palestine / amy

“If you’re gonna write a hit song,
make it a short one.”
-Willie Nelson

Years ago, I saw Yann Tierson perform live on my birthday in Brighton, England.  Between “comptine d’un autre été,” “j’y suis jamais allé,” and this Takeaway Show of new material, I was super excited.  During a break in the music, all disconcerting takes on songs I had never heard, someone yelled out, “Play Amelie!” and he gave the crowd the most disgusting sneer I’ve ever seen from a performer.

“I don’t play songs I don’t like,” he said.

Then he played a really crap experimental version of Palestine.

I mean, yes, be an artist; make art, not money — and I do totally get hating those songs after playing them and playing them and playing them.  I do.  But don’t forget in your success that you have money because people paid you.  They didn’t pay you for existing — they paid you because they were enlivened, enriched, entertained by the art.  Arrogance is an ugly and unfortunate thing.

Art isn’t about you, Yann.  Once you take it out of your basement, once you perform it for profit, then art is about bringing beauty and solace to the lives of the people who took hours of their lives, turned them into money, and then gave that money to you.  A working artist has an obligation to their audience, not the other way around.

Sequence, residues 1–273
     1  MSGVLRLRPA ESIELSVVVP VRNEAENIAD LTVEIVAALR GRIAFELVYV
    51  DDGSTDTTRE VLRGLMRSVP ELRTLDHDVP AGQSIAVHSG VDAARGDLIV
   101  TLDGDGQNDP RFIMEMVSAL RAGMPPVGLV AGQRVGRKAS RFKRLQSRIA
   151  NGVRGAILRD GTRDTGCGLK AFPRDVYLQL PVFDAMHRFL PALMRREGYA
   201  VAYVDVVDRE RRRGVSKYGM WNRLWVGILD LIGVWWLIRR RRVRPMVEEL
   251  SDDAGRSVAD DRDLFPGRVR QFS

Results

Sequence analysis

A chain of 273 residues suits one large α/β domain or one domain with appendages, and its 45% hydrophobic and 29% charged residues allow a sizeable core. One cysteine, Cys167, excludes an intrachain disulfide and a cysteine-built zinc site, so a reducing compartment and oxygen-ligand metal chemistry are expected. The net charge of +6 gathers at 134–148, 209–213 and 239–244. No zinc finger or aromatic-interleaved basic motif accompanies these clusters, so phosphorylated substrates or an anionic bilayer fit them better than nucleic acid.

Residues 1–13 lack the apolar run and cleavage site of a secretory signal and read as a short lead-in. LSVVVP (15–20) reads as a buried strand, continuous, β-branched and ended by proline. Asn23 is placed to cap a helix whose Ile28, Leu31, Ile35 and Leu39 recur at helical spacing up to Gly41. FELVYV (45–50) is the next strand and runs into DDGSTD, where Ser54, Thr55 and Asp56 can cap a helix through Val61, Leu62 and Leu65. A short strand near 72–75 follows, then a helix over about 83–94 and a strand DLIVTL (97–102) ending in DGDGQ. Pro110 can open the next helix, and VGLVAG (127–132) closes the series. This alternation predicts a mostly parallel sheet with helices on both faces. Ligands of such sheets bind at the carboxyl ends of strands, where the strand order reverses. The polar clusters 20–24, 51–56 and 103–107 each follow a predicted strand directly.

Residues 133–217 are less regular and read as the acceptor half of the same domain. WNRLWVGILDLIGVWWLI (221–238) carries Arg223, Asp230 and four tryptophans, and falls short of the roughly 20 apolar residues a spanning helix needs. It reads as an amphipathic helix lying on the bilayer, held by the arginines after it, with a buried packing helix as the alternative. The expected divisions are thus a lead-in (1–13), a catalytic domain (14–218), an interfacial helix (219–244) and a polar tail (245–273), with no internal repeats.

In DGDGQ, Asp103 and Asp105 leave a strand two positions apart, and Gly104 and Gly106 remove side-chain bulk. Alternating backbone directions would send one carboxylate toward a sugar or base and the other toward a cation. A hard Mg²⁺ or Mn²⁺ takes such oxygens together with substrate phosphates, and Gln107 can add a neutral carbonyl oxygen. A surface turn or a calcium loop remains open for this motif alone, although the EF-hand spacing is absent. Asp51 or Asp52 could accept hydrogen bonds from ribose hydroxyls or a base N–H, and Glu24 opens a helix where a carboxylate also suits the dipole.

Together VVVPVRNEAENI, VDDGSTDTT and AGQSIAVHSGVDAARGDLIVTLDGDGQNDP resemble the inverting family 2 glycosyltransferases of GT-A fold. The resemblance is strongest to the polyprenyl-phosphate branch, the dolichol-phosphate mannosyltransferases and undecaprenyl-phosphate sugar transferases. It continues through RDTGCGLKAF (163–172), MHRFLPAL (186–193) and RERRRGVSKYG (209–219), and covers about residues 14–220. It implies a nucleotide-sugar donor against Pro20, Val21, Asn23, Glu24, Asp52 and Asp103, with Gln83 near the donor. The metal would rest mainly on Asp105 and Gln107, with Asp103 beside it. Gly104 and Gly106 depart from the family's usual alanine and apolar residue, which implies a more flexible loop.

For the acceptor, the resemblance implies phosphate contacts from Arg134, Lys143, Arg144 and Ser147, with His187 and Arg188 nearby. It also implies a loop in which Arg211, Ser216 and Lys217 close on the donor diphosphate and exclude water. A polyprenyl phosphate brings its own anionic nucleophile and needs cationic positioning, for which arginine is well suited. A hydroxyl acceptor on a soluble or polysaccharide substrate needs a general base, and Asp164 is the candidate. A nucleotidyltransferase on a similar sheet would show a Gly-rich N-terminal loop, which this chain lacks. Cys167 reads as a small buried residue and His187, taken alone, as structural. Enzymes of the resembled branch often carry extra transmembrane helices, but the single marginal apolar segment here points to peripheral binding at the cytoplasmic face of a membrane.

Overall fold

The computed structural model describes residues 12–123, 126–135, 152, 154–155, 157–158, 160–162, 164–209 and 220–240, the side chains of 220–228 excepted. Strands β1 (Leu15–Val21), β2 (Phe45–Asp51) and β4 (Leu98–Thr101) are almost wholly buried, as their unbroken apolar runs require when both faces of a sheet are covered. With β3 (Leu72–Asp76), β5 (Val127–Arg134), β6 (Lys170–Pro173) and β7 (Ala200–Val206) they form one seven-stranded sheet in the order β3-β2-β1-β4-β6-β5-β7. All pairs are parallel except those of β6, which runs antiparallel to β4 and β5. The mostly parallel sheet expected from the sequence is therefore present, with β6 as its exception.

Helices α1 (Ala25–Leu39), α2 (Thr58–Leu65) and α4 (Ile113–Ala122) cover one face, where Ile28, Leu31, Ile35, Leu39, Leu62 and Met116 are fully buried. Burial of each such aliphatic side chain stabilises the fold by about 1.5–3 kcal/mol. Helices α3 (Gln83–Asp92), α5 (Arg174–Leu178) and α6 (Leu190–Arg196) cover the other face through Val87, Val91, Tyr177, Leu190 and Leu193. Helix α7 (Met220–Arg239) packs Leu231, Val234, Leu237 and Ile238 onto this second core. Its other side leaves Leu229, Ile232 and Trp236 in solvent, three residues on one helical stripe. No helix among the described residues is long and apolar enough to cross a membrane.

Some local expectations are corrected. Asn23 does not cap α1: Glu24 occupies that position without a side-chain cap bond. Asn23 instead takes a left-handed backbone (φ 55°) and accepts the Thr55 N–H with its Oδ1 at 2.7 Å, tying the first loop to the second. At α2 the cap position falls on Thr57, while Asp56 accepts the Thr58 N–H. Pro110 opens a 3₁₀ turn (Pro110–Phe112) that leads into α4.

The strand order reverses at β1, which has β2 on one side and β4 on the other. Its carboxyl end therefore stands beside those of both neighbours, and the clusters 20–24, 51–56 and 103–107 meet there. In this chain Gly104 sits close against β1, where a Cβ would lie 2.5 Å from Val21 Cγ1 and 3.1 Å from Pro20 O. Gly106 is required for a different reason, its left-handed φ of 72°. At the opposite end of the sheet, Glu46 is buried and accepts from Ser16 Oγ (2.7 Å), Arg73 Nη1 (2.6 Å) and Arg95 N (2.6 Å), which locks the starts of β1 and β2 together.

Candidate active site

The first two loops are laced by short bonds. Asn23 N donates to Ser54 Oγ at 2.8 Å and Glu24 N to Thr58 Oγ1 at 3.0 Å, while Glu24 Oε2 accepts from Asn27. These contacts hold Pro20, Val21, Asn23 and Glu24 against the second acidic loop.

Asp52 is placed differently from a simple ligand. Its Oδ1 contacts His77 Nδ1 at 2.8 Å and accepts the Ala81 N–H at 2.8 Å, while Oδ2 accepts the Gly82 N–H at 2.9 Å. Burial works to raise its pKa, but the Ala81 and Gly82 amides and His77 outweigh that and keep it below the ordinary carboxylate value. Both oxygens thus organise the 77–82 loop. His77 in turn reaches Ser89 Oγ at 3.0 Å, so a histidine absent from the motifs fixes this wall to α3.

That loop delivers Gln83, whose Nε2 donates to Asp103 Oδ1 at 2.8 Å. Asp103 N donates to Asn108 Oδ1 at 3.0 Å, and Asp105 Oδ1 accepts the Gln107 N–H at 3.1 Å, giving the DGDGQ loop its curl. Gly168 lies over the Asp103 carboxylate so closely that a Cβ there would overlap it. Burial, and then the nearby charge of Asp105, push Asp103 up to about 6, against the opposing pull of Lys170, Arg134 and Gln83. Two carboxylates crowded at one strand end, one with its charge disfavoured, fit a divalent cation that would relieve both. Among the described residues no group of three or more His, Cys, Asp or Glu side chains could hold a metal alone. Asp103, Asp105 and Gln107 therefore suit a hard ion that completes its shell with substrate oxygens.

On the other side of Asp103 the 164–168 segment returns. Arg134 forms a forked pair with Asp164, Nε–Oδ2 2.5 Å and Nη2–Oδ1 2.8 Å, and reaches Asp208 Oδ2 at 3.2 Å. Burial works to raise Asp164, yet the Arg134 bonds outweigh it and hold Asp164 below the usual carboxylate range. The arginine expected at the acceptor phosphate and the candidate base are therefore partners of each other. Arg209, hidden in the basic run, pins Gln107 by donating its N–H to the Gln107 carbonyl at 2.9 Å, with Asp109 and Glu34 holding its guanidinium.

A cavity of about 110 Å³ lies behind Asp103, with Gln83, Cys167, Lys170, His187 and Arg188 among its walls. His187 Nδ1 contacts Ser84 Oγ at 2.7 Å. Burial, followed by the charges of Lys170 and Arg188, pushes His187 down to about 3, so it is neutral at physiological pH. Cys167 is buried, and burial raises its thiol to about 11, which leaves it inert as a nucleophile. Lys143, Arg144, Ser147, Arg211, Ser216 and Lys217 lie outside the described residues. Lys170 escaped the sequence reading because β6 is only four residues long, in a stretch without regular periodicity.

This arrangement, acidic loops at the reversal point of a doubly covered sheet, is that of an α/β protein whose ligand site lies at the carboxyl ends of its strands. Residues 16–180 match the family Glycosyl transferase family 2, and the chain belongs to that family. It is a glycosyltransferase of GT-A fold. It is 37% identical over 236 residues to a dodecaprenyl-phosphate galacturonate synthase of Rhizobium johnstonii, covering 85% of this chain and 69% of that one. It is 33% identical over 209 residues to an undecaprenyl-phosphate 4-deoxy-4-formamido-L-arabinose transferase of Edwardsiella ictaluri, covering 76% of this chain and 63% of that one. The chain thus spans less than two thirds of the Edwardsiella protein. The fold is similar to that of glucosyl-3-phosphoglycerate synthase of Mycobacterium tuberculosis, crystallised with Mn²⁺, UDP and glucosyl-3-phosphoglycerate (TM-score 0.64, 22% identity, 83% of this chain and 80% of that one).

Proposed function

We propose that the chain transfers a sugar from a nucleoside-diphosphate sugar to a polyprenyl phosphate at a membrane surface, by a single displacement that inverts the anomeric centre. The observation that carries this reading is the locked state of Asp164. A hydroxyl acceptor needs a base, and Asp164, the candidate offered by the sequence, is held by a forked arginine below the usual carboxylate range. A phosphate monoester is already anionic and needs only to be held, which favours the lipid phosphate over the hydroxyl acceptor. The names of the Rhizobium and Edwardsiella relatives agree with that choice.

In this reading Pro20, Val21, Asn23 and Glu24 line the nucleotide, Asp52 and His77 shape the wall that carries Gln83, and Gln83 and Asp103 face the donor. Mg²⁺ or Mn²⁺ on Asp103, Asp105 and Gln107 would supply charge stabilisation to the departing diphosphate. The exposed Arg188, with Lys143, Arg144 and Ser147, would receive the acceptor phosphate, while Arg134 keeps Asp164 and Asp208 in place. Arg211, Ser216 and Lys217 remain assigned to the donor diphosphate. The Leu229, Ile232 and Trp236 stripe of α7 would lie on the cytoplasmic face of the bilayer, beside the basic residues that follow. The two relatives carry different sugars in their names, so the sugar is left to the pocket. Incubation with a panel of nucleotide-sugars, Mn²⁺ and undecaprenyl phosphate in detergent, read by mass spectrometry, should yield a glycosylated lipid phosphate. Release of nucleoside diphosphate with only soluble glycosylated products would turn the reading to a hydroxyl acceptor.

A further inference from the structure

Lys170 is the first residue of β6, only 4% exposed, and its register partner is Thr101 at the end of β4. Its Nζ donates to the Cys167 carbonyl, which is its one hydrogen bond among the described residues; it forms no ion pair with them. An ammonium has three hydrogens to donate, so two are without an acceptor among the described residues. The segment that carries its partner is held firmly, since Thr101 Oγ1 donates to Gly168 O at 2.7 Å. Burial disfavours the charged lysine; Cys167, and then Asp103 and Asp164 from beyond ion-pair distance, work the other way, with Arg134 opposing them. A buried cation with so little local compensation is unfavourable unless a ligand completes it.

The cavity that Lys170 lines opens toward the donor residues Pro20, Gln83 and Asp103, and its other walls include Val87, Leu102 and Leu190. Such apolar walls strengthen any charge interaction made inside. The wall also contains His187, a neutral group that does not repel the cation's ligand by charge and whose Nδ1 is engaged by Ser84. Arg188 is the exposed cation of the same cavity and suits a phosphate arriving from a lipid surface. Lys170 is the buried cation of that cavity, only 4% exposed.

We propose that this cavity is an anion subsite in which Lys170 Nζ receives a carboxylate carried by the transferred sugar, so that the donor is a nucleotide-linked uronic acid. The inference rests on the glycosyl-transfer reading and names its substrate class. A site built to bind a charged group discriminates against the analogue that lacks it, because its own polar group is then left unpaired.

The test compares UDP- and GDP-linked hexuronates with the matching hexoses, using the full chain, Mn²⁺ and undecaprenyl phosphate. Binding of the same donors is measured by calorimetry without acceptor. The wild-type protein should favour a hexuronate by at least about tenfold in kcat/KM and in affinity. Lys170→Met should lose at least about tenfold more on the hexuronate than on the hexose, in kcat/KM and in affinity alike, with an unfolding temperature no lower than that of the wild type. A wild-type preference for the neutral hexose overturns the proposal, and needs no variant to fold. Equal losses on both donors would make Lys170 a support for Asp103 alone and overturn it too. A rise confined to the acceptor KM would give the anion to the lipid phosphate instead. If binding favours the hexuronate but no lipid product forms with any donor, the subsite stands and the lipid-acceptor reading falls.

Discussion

When I’m rich and successful, please remind me of this:  No matter how sick you are of playing to the common denominator, it’s not okay to forget there are people here who chose to spend their birthday with you.  I don’t care how French and Famous you are, it’s never okay to be a spoiled, self-centered dick.

Huh.

Well.

That’s not at all what I sat down to write.  After some reflection, I think I either believe what I’ve written here, or the complete opposite.  The truth, I suspect, is somehow both.

Anyways, enjoy the Takeaway Show.  What I do believe for sure is that what matters is the art, not the artist.  Whether Yann Tierson is a poor tortured soul, ground down by profiteering capitalist pressures, or an obnoxious piece of shit, made vain and obscene by fame, is fundamentally irrelevant.

What matters is the art — and this art is fantastic.

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